The pilgrims almost starved because they were forced to farm “collectively” at first. The corporation that funded the expedition said, “grow food together, divide the harvest equally.” That mantra didn’t last long.
Failure of collectivism, now called socialism, is evident in how countries that adhere to the Marxist ideology policy of working the land collectively (such as China, North Korea, Cuba, and many others) eventually have to allow some private farms to operate in order to increase production to avoid starvation.
Human nature demands that there be a selfish incentive for us to be more disciplined, effective, and innovative with our resources - eventually resulting in a higher standard of living for all.
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Before socialism failed in the Soviet Union, East Germany, and Albania, it flopped in Plymouth Colony.
The Pilgrims encountered, according to the contemporaneous history Mourt’s Relation published in 1622, “the greatest store of fowl that we ever saw,” strawberries, corn, beans, clean water, sassafras, arable if stony soil, and a variety of timber shortly after landing at Plymouth Rock. Yet, after the first Thanksgiving in 1621, Mourt’s Relation notes that the land’s bounty proved “not always so plentiful as it was at this time with us.”
Why did a place offering such a feast threaten a famine? The project’s backers and its leaders contractually agreed for the colonists to “have their meat, drink, apparel, and all provisions out of the common stock and goods.”
William Bradford, governor of Plymouth Colony on and off for about three decades, does not say the “S” word—a term popularized 200 years later by Robert Owen, the architect of another ambitious project, New Harmony. Bradford instead used the phrase “common course.” The separatist from the Church of England writes of that “common course” in the posthumously published Of Plymouth Plantation:
For this community (so far as it was) was found to breed much confusion and discontent and retard much employment that would have been to their benefit and comfort. For the young men, that were the most able and fit for labour and service, did repine that they should spend their time and strength to work for other men’s wives and children without any recompense.
The strong, or man of parts, had no more division of victuals and clothes than he that was weak and not able to do a quarter the other could; this was thought injustice. The aged and graver men to be ranked and equalized in labours and victuals, clothes, etc., with the meaner and younger sort, thought it some indignity and disrespect unto them. And for men’s wives to be commanded to do service for other men, as dressing their meat, washing their clothes, etc., they deemed it a kind of slavery, neither could many husbands well brook it.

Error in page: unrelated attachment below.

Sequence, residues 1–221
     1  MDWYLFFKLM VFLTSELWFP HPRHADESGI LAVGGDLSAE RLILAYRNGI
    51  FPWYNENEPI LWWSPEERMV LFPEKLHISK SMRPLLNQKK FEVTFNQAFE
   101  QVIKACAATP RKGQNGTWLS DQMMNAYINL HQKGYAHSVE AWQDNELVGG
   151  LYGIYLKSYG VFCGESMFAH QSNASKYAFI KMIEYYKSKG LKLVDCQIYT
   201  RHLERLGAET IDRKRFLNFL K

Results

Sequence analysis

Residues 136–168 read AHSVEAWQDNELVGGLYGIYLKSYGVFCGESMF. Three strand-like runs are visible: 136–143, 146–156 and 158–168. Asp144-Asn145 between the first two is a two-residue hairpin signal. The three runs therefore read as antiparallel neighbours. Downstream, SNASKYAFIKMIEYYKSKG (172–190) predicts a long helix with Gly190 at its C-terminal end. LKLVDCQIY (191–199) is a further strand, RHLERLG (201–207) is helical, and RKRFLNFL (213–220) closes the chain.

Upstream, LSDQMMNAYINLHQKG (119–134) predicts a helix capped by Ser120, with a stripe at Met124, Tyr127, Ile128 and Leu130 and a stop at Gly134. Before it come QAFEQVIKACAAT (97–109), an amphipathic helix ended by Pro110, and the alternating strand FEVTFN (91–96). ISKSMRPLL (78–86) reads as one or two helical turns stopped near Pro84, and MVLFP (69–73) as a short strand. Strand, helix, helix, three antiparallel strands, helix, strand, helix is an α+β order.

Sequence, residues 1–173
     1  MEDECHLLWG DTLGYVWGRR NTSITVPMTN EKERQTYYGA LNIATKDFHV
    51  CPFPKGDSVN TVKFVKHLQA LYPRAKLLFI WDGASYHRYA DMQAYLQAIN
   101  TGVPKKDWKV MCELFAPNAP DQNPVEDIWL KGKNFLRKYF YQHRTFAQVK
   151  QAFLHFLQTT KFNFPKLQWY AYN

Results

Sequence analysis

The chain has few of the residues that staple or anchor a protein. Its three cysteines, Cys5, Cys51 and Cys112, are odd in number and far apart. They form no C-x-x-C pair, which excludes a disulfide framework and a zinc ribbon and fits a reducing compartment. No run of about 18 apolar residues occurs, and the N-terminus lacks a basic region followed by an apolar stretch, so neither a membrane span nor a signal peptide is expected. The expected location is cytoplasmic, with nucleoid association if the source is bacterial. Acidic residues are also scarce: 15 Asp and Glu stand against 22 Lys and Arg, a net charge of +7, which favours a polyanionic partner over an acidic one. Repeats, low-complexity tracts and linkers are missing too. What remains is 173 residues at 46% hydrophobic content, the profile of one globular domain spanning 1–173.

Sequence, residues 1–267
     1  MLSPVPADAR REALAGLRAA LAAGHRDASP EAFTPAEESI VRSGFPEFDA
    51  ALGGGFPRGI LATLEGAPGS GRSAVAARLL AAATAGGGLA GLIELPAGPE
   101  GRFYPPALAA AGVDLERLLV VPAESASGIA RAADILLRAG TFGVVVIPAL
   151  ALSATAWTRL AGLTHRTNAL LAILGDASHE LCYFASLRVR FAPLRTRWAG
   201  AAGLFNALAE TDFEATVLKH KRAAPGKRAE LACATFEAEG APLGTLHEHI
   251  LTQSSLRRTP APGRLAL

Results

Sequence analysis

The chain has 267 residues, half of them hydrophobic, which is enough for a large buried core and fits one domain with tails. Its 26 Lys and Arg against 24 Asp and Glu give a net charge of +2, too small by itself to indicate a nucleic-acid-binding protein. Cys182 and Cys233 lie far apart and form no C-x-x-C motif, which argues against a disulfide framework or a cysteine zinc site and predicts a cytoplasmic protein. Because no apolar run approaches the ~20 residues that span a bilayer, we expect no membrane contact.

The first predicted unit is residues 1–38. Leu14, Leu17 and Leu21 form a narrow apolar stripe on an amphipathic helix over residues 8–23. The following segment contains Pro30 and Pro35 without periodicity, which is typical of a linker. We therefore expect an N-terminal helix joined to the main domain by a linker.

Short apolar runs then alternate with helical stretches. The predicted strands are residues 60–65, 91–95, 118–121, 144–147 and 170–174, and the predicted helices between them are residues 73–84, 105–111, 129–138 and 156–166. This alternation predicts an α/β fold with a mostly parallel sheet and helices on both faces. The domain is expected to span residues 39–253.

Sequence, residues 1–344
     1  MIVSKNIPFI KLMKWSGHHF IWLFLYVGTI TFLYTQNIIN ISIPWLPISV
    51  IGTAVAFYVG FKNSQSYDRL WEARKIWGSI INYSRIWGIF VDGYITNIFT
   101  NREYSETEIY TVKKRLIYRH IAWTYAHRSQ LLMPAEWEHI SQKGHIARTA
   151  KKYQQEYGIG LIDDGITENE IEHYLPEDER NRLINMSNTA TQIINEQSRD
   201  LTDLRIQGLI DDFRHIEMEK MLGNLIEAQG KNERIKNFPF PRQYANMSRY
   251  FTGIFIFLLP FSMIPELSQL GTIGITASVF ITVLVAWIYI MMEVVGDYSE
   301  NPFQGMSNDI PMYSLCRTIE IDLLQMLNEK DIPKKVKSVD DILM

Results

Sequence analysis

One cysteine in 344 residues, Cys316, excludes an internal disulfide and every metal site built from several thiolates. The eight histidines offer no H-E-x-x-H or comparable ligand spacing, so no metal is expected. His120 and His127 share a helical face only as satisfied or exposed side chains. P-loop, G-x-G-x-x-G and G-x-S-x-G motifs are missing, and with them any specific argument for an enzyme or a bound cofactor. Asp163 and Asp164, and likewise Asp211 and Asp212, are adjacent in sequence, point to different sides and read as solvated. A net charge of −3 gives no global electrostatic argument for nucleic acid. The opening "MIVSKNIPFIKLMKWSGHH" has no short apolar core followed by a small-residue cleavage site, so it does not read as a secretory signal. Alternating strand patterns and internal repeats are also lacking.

In the years after that first Thanksgiving feast, the Pilgrims faced famine. They blamed the unnatural economic system foisted upon them by financial backers. As those backers did not fulfill their obligations, the settlers opted out of theirs.
“At length, after much debate of things, the Governor (with the advice of the chiefest amongst them) gave way that they should set corn every man for his own particular,” Bradford, governor at the time, wrote regarding the great change made in 1623, “and in that regard trust to themselves; in all things to go on in the general way as before.
And so assigned to every family a parcel of land, according to the proportion of their number, for that end, only for present use (but made no division for inheritance) and ranged all boys and youth under some family.”
In other words, Bradford introduced private property and the profit motive to the colony.
“This had very good success,” Bradford explained, “for it made all hands very industrious, so as much more corn was planted than otherwise would have been by any means the Governor or any other could use, and saved him a great deal of trouble, and gave far better content. The women now went willingly into the field, and took their little ones with them to set corn; which before would allege weakness and inability; whom to have compelled would have been thought great tyranny and oppression.”
If the 19th-century descendants of Pilgrims and Puritans in the New Colony could repeat at Brook Farm, Fruitlands, Hopedale, and elsewhere the 17th-century mistakes made by settlers in the Old Colony, then one begins to see how 20th- and 21st-century people in far off lands could too. Some ideas prove so seductive that even painful experience cannot dissuade.
“The experience that was had in this common course and condition,” Bradford concluded, “tried sundry years and that amongst godly and sober men, may well evince the vanity of that conceit of Plato’s and other ancients applauded by some of later times; that the taking away of property and bringing in community into a commonwealth would make them happy and flourishing; as if they were wiser than God.”